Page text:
There are unique twists and turns to tax codes every season, but that is true even more so this year. When we reached out to Andrew Donahue at Gettysburg’s Donahue Income Tax Services to see if he’d be willing to share advice for this column, he responded right away with a “Yes.” And that is what we’ve found, time and time again, as Adams County comes together as a community to share resources and information during this pandemic crisis.

How could COVID-19 relief funds affect taxes? We asked and Donahue graciously provided the following advice.

Paycheck Protection Program (PPP): Originally, as this federal program launched, there were concerns over its taxability. But after amendments to the CARES Act, “None of the PPP  money is taxable to federal or state levels—it is to be treated as a federal grant, with no taxability,” says Donahue.

“And I definitely recommend any small business that didn’t receive PPP, to apply,” he says. “What I’ve been trying to express to clients is that we don’t know what kind of business environment we’ll be in, on the other side of this, and it’s always better to have the cash flow than to need it.”

Small Business Administration (SBA) Loans: “Be sure to check your emails if you received SBA loans,” Donahue advises, “Because that’s the main way they’re contacting people to let them know when paperwork is due on Economic Injury Disaster Loans (EIDL). They’re not taxable—rather, the interest paid is a tax deduction.”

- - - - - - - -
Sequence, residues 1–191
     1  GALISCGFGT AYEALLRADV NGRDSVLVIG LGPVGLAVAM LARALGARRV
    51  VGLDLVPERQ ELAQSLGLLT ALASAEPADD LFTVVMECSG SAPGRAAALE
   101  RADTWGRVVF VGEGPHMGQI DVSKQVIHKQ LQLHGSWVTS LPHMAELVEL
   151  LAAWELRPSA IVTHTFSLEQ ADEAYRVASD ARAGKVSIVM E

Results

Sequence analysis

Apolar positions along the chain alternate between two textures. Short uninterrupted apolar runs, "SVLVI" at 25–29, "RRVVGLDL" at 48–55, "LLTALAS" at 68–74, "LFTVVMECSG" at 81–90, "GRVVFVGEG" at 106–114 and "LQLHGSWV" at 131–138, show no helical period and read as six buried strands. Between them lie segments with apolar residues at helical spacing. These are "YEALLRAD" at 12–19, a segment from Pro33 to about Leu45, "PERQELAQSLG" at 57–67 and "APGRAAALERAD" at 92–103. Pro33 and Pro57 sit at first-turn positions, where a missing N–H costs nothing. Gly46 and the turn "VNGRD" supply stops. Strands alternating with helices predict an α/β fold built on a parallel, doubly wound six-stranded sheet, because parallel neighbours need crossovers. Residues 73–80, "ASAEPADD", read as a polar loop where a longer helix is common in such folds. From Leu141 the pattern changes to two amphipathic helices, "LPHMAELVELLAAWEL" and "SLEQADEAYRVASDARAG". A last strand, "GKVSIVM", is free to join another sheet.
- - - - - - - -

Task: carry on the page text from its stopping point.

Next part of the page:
Self-employed? “There’s a discount on the self-employed tax imposed on people who earned income through the time period between March 27 and December 31,” says Donahue. “If they don’t know about it, they could be paying additional tax.”

Pandemic Unemployment Assistance (PUA): This money is taxable on your federal return, Donahue advises.

Local and state grants: “These grants are the only ones to really be concerned about for tax issues,” Donahue explains. “They are subject to state and federal income tax and must be included in gross revenues. Unfortunately the IRS didn’t include those in the amendment to the CARES Act.”

Need additional advice? “Being mindful of the current year tax return, I would not want to sound self-serving, but small businesses should get professional tax help this year,” Donahue says.

Relationship and community impact: “I recognize the economic impact this disaster has had on our community,” Donahue says. “I work with tons of small businesses, and this has shuttered some businesses, but the ones we’ve been able to help and get access to funds has given them a lifeline to continue.”

“And I can’t stress enough—not to have just a bank account—but to have a relationship with your banker. I could not have been able to help businesses as much—with paperwork and necessary documents—if it wasn’t for several key local bankers who have really helped the community.”

Kaycee Kemper is Vice President of Adams Economic Alliance, which comprises three organizations: The Adams County Economic Development Corporation (ACEDC), the Adams County Industrial Development Authority (ACIDA) and the Adams County General Authority (ACGA). For more information, see, or follow us on Twitter (@AdamsAlliance), Facebook ( and LinkedIn (Adams Economic Alliance).